The next entry on the list is probably the most famous one yet. In 1981, Hinckley developed an obsession with the movie Taxi Driver, in which Jodie Foster stars as a child prostitute and Robert Deniro plays Travis Bickle, who plots to assassinate the presidential candidate in the film. He personally watched the movie 15 times consecutively and grew infatuated with Jodie Foster. Hinckley then began to stalk the actress by relocating to New Haven, Connecticut, near Yale University where she was enrolled. He signed for a Yale writing class, slipped her poems and messages through her door and calling her persistently. As he grew more desperate in his attempts, he even considered taking his own life in front of her to gain her attention. Eventually he decided to attempt an assassination on President Ronald Reagan. As the president left the Hilton Hotel, he shot six times at Reagan, wounding a few other people in the process. One of the bullets hit the president in the chest, but he survived the attempt. Hinckley’s defense team pled for insanity defense and succeeded, he was acquitted of all of his 13 charges of assault, murder and weapon counts. Due to the high profile of the case, the public perceived the insanity defense as a loophole in the legal system which allowed a clearly guilty criminal to dodge incarceration. The controversy laid in the fact that prior to the assassination attempt, the insanity defense was only used in 2 percent of the felony cases and in those cases failed over 75 percent of the time. Nonetheless, most states were pressured to reenact reforms of legislation regarding the use of the insanity defense.

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In the year 1994, Jenny Jones, a national talk show, was in the midst of producing a program about same-sex crushes. They hunted for people who would openly admit to having a crush on television and found Scott Amedure, who had a crush on his friend Jonathan Schmitz. The producers of the show invited Schmitz onto the show, explaining to him that someone had a crush on him. The producers reasserted that Schmitz was fully aware that the show was about same sex crushes. Schmitz would later claim that he expected to find his ex-girlfriend on stage, but found Amedure instead who described his sexual fantasy involving Schmitz on the program. Three days later, Amedure left Schmitz a suggestive note. Upon finding the note, Schmitz purchased a shotgun, confronted him, and finally shot him twice in the chest, killing him. This is a special entry because of the defense used, known as the gay panic defense. It is defined as a state of temporary insanity caused by undesirable homosexual advances. It is controversial because it is a little known psychosis and its validity is widely debated within jurisdictions. The media then lampooned the case as the Jenny Jones trial. Despite the defense, Schmitz was found to be guilty of second degree murder and sentenced to 25 to 50 years of jail. The Jenny Jones Show was also later sued for negligence, for creating a hostile scenario without considering the potential consequences. They were found guilty but the judgment was overturned on appeal.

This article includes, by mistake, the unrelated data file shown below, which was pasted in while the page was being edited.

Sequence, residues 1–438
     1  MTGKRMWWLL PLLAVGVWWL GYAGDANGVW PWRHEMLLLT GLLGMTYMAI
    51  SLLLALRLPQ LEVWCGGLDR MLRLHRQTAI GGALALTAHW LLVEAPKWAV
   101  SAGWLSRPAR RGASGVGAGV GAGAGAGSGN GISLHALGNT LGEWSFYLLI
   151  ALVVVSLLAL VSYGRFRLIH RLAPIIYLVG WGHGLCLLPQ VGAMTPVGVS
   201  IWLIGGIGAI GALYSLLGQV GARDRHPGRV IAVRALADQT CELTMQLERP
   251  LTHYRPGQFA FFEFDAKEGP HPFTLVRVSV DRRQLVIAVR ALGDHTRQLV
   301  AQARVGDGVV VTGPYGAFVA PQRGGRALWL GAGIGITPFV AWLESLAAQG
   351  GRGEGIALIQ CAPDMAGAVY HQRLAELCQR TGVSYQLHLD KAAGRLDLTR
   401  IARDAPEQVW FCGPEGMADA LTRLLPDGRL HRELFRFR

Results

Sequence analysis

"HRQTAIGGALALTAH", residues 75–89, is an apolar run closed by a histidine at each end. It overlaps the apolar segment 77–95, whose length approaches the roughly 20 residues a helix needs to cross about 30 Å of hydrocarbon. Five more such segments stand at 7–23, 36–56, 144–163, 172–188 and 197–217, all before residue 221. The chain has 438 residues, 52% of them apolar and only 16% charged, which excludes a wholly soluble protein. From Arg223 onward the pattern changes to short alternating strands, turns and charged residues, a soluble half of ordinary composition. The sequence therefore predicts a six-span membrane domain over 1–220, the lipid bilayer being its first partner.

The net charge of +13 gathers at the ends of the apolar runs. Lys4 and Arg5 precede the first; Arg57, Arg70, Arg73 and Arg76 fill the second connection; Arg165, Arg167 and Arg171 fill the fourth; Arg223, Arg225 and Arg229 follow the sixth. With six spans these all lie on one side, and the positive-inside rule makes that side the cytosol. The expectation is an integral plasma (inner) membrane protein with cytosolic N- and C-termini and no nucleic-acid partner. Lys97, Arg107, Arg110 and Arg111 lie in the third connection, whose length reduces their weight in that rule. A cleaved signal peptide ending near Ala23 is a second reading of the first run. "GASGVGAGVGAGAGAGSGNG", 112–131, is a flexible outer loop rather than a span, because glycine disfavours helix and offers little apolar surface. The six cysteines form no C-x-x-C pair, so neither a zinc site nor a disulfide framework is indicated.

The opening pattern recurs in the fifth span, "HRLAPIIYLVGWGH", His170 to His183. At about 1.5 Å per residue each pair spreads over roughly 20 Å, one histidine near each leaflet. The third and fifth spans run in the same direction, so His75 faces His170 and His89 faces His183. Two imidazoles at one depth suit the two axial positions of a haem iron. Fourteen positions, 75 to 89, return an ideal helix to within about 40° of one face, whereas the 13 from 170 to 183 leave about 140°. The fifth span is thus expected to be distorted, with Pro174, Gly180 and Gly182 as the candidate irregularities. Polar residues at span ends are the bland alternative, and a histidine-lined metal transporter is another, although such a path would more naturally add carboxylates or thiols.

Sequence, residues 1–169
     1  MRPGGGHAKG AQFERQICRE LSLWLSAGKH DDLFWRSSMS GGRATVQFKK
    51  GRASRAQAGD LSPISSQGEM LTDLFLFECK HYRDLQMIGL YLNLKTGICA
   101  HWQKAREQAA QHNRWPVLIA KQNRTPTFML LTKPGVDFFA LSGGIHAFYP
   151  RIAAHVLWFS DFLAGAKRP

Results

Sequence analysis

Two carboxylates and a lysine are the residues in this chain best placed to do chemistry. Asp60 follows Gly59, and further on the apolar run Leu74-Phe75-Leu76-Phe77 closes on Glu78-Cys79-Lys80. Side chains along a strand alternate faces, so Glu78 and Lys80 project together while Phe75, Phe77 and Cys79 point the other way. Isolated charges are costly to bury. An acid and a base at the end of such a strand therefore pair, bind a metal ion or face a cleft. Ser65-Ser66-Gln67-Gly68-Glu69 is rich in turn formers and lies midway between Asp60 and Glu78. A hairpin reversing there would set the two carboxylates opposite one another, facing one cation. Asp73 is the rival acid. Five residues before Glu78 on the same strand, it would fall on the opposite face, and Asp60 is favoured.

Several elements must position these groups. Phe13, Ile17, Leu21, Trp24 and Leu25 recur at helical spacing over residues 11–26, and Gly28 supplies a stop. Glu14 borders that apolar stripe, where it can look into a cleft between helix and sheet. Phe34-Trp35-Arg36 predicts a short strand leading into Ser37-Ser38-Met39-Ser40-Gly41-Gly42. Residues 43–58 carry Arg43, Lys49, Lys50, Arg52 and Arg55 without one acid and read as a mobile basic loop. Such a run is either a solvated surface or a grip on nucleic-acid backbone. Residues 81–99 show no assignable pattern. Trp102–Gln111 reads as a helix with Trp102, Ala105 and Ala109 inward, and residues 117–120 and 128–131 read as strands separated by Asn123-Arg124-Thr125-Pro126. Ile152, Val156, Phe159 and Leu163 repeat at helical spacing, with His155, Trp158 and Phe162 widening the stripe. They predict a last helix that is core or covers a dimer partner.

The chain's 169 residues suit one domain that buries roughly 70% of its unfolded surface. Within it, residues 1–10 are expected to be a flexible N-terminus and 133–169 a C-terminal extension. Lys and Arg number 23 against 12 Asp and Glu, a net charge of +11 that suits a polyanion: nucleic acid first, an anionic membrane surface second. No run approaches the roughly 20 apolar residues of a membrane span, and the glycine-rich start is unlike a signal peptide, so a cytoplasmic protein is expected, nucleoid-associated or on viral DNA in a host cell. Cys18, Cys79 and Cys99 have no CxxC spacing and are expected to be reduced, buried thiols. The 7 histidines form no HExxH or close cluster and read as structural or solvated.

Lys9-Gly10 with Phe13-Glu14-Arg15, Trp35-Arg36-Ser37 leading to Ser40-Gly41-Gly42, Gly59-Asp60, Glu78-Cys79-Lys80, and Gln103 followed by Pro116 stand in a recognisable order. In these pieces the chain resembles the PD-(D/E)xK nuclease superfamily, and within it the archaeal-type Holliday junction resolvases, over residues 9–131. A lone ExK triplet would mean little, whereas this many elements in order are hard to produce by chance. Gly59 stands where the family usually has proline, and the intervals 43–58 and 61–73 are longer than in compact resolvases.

Lorena and John Bobbitt was a young couple from Virginia. John had a history of mentally and sexually abusing Lorena throughout their marriage. On June 23th 1993, John arrived home highly inebriated and proceeded to rape Lorena. After the incident, Lorena stepped into the kitchen for a drink of water and saw a carving knife on the counter. This evoked memories of the years of domestic abuse that has been taking place. Lorena then walked back into the bedroom where John was sleeping and “cut off almost half of his penis” with the knife. With the severed penis in hand, Lorena left the apartment, drove to a field and threw it away. Finally, she made the call to 911 in which a team then searched for the genitalia and was able to recover it. John was taken to the hospital and his penis was able to be surgically reattached. During the trial, Lorena revealed the details of their marriage and the domestic abuse. Her defense claimed that she was suffering from clinical depression from it causing her to wound her husband. The jury deliberated and Lorena was acquitted of her charges due to temporary insanity and could not be held responsible for her actions. She was however ordered to go under psychiatric evaluation for 45 days and was released thereafter. In the aftermath of the much publicized trial, she appeared on the Oprah Winfrey Show to talk about her experience and has since been an advocate for domestic violence causes herself.


Dahmer was a notorious serial killer and sex offender in 1991. His long list of offenses involved sex, cannibalism, necrophilia, and dismemberment. Since he was a child, he had shown symptoms of withdrawal and avoidance of any social interactions. He would collect dead animals, then dissect, dissolve, or mutilate them in various ways. He committed the first murder in 1978, bludgeoning to death Steven Hicks, a hitchhiker because “the guy wanted to leave and I didn’t want him to.” In September 1987, he picked up Steven Tuomi at a gay bar and killed him out of impulse, claiming no memory of the event later in trial. In 1988, he was also arrested for giving drugs and sexual fondling a 13 year old boy, Somsack Sinthasomphone. As a registered sex offender, he would then proceed to commit 15 more murders, storing the corpses in vats. Dahmer kept trophies of his victims such as human skulls and genitalia in the closet and “saving” biceps and the human heart in the freezer for later consumption. This happened up to the year 1991 when Tracy Edwarts, a would-be victim overpowered Dahmer, ran through the streets and waved for the police car.